According to a summary of the bill, not accounting for the temperature change leads to what is commonly referred to as "hot fuel." The change in temperature is an issue because when fuel gets hot and expands the amount of energy it produces drops significantly.
The bill, which has been referred to the House Transportation Committee, requires that all gasoline and diesel fuel sold at retail be measured by the temperature-adjusted gallon. The Department of Agriculture must define the size of a temperature-adjusted gallon of gasoline and diesel fuel for each district in the state. The criteria to determine the size of a temperature-adjusted gallon is specified in the bill as well as the counties comprising each district. In addition, it is designed to:
- Promulgate rules to implement this provision no later than January 1, 2008.
- Require each retail gasoline and diesel fuel pump in the state to measure in temperature-adjusted gallons no later than December 31, 2008.
- Inspect each retail gasoline and diesel fuel pump to ensure compliance no later than December 31, 2008.
Although the snow, ice, and freezing temperatures that we have been experiencing make springtime seem light years away, the reality is that spring will come soon enough, and with its arrival spring time activities will be in full bloom. Farmers will fuel up their big rigs, tractors, and other pieces of machinery to begin planting their crops. College students will fuel up their vehicles and travel to hot spots across the country for spring break. Parents will fuel up their family's transportation and navigate America's highways for vacation. The nation will be in a buzz of fuel-induced activity, and everyone will be getting ripped off. So warns Rene Hill, a Missouri State Legislative Affairs Specialist.
"Whether you're pumping diesel or gasoline, you expect to get what you pay for. You do - only if the fuel coming out of that nozzle is 60 degrees. With anything warmer than that you're getting cheated," explains Jami Jones in an article she wrote for Land Line magazine in March/April 2005.
In answering the question of how much expansion and contraction there is with diesel and gasoline, Jones states that "estimates vary on average from one to three percent just for diesel, depending on how hot it is and whom you ask."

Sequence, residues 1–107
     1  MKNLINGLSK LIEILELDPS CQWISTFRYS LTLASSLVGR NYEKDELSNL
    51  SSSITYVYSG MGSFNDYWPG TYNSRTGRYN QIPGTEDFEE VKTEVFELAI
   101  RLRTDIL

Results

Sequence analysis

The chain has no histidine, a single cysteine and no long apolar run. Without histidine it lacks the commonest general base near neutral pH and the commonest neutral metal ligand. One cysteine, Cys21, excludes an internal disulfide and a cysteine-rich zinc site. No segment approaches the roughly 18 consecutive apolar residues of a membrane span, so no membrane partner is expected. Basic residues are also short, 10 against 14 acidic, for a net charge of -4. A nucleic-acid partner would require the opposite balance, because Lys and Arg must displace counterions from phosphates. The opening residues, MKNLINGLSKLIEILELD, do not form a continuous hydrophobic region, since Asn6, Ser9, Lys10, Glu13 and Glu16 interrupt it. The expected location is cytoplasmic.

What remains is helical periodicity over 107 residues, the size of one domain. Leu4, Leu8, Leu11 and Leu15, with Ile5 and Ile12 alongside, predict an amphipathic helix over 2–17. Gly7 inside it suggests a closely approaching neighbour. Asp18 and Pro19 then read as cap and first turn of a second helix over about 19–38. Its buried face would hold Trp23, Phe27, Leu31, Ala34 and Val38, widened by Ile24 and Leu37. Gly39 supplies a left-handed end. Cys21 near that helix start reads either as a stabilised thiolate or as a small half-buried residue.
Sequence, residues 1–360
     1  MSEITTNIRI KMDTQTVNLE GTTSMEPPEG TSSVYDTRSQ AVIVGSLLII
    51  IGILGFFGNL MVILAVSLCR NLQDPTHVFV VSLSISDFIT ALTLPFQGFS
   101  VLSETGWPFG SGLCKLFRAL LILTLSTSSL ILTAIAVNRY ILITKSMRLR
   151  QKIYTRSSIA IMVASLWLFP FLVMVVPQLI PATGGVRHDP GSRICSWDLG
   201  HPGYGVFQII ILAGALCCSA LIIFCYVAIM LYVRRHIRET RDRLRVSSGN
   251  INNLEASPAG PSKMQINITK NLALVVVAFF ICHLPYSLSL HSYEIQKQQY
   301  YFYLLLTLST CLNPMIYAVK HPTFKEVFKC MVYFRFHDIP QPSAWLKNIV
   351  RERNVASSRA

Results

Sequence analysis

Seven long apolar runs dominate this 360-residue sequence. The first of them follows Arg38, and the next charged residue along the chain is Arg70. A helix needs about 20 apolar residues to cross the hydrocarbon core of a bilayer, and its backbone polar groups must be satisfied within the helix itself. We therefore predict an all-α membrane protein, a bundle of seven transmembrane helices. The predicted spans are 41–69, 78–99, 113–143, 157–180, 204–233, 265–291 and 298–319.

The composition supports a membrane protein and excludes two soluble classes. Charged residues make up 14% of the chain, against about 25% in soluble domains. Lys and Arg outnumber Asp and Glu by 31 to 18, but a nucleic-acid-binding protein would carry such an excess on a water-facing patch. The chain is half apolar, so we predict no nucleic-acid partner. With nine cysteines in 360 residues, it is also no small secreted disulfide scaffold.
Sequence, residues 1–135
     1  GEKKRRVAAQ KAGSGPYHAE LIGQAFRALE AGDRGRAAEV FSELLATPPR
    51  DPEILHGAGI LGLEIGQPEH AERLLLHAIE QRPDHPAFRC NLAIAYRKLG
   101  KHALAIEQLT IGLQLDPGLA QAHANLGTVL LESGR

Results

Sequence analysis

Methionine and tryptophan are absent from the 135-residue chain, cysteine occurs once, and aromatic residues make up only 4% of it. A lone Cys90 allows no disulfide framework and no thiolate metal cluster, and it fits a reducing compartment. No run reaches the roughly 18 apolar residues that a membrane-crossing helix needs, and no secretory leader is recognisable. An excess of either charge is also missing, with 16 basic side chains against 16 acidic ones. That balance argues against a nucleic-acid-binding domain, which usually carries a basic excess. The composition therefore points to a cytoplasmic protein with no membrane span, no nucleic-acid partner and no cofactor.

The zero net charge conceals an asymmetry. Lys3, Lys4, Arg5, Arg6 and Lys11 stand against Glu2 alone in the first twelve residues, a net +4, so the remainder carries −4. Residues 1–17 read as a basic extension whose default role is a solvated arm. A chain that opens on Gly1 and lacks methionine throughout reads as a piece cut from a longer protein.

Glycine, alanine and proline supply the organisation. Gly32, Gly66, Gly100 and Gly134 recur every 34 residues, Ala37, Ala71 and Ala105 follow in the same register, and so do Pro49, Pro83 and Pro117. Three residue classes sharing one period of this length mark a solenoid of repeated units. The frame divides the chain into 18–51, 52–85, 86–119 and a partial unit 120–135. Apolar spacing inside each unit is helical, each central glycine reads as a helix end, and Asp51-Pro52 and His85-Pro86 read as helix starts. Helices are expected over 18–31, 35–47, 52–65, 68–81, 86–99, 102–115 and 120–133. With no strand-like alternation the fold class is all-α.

So if that gasoline or diesel you just pumped into your car, truck, mini-van, sports utility vehicle, or big rig is hotter than 60 degrees, you're getting less fuel than what you're paying for, Hill points out.
During the summer months, especially, fuel can be delivered to a tank at a temperature that is nearly 40 degrees hotter than the benchmark used at the wholesale level. So if the fuel's temperature is not compensated for at the pump, the gallon pumped into your tank will be less dense and, therefore, less powerful.
An Owner-Operator Independent Drivers Association (OOIDA) study of 32 fill-ups around the country found in the summer of 2004 that the coolest fuel was at 71 degrees. The hottest fuel was 98 degrees.
"Where does this scandal stop? It can stop at the pump if you get involved," says Hill. "Technology already exists in today's digital fuel pumps to calculate the amount of fuel dispensed standardized to the same 60-degree benchmark at which retailers buy the fuel, thereby reducing your power loss. Retail stations have the technology, but for what seems to be obvious reasons, they are not excited about voluntarily turning on a temperature-compensation feature at their pumps."
"If you want to stop getting ripped off at the pump, and stop paying for more fuel than is actually being pumped into your gas tank, then call your Missouri state representatives and tell them to put a stop to 'hot fuel'," Hill concludes.
With the encouragement of OOIDA, the National Council of Weights and Measures, meeting in Florida recently, has agreed to look into a proposal to provide fuel retailers who want to install temperature-compensation devices with guidelines and procedures that would make everyone happy.
Under their proposal:
- All pumps at a given retail location would be temperature controlled or all would not.
- These devices would be turned on for at least a 12-month period.
- In states that allow for voluntary temperature compensation all stations would be required to have signage letting consumers know if the pumps are or are not temperature-compensated.
The article by Jones with contributions from Senior Technical Editor Paul Abelson and OOIDA Foundation’s John Siebert entitled, "Hot fuel not a hot deal--Retailers cashing in on fuel expansion" that appeared in the March/April 2005 issue of Land Line magazine may be found here.